On Sept 11th 2022, officials in Suffolk County, NY noted that they were investigating a ransomware attack. The attack allegedly happened on county computers and temporary measures have been put in place to minimize disruptions to normal business activity while systems are restored. Spokeswoman Marykate Guilfoyle from the Suffolk County Executive Office of Steve Bellone told Newsday that investigations were still underway on the ransomware attack.
Newsday reports that several agencies within Suffolk County were utilizing manual record keeping and paper record keeping systems, including paper forms, and fax machines in order to keep the county running while their computer systems were down.
“We’re kind of doing it a little ‘old school’ right now, probably the way the county was run in the 90s. The police are filing out paper forms right now, so a lot of operations are just more manual and not web-based right now,” Guilfoyle said.
On Facebook, Legislator Stephanie Bontempi reported that “We are currently working on establishing an alternative means of communication since our phone and email systems are inoperable. Of course you can still contact me via Facebook or stop by my office in person during normal business hours.”
Guifoyle told Newsday that currently it was “tough to tell” when the county would be back online properly due to the ransomware attack due to “a lot of data and a lot to comb through” citing that Suffolk County is the largest county in New York State.
Currently Adam Schwam, cybersecurity expert, believes that the attack came through email. “Most likely they opened up something that they shouldn’t – one of their computers got infected and now they’re just very concerned across the board where it is,” Schwam told News 12.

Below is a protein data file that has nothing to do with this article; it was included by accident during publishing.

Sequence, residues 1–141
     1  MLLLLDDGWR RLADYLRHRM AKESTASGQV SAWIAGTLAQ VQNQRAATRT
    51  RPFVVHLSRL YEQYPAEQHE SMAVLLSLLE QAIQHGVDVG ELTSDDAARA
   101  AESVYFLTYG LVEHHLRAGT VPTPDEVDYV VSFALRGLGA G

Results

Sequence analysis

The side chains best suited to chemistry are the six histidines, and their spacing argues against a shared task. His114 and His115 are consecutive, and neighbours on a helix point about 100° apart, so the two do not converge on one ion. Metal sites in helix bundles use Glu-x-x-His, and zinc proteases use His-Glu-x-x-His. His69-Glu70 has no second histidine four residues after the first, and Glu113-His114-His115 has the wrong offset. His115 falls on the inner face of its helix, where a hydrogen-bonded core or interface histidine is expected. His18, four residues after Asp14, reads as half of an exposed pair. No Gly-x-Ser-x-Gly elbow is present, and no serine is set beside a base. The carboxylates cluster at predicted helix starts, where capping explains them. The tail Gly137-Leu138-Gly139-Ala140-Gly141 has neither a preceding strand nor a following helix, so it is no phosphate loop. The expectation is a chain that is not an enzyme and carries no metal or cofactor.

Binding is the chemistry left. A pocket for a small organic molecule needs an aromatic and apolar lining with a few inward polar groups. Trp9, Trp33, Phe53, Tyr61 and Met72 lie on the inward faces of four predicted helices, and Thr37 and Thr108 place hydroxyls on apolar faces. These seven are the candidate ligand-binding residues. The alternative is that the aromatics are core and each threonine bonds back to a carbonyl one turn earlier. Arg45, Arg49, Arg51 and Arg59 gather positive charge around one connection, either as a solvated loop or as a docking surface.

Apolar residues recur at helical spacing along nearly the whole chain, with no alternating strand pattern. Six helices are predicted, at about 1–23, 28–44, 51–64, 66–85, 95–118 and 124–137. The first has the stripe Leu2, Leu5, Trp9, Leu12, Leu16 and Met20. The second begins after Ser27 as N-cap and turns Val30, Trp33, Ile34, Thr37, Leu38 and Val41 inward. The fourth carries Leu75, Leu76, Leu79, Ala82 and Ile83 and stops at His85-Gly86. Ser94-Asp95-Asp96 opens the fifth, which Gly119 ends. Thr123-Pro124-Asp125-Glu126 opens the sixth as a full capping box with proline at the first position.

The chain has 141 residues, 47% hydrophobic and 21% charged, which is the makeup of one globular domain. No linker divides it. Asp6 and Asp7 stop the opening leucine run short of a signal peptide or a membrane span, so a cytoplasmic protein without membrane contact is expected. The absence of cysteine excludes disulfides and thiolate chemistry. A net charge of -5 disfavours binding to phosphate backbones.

Systems were shut down on Friday due to suspicious activity related to what officials determined was a possible cybersecurity intrusion. Suffolk County’s main website www.suffolkcountyny.gov and it’s surrounding links to other agencies (parks department, district attorney, comptroller, and more) are still offline.
The county says it will be unable to send $15-$20 million dollars in scheduled checks and payments to utilities, firms, vendors, and other county officials while the systems are offline. Critical systems such as 911 and emergency response remains operational at this time.
“This is an issue – we see it happening all over the country – we see municipalities under attack and the problem is you have these criminal organizations that are relentless,” Suffolk Executive Steve Bellone told News 12.
Program director of computer science at Adelphi University and also the university’s chief information security officer Kees Leune told Newsday “Cyber attacks on local governments and private companies have become more common. The attacker’s main goal is to actually capture and hold hostage the computer and the data stored on it. If you pay the ransom, then there is no problem,” Leune said.
“If you don’t pay the ransom, you’re back to pen and paper. This is happening all over the world on an alarming scale.”
“The best practice if you believe you’ve been hit by a ransomware attack is to start shutting down as many systems as possible to prevent [the attack] from spreading.”
This is not the first time that Long Island or New York has seen a ransomware attack. In the last few years several municipalities and school districts have become victims of cyberattacks.
Suffolk County reports that they are working in conjunction with the state Division of Homeland Security and Emergency Cyber Incident Response Team on this matter.
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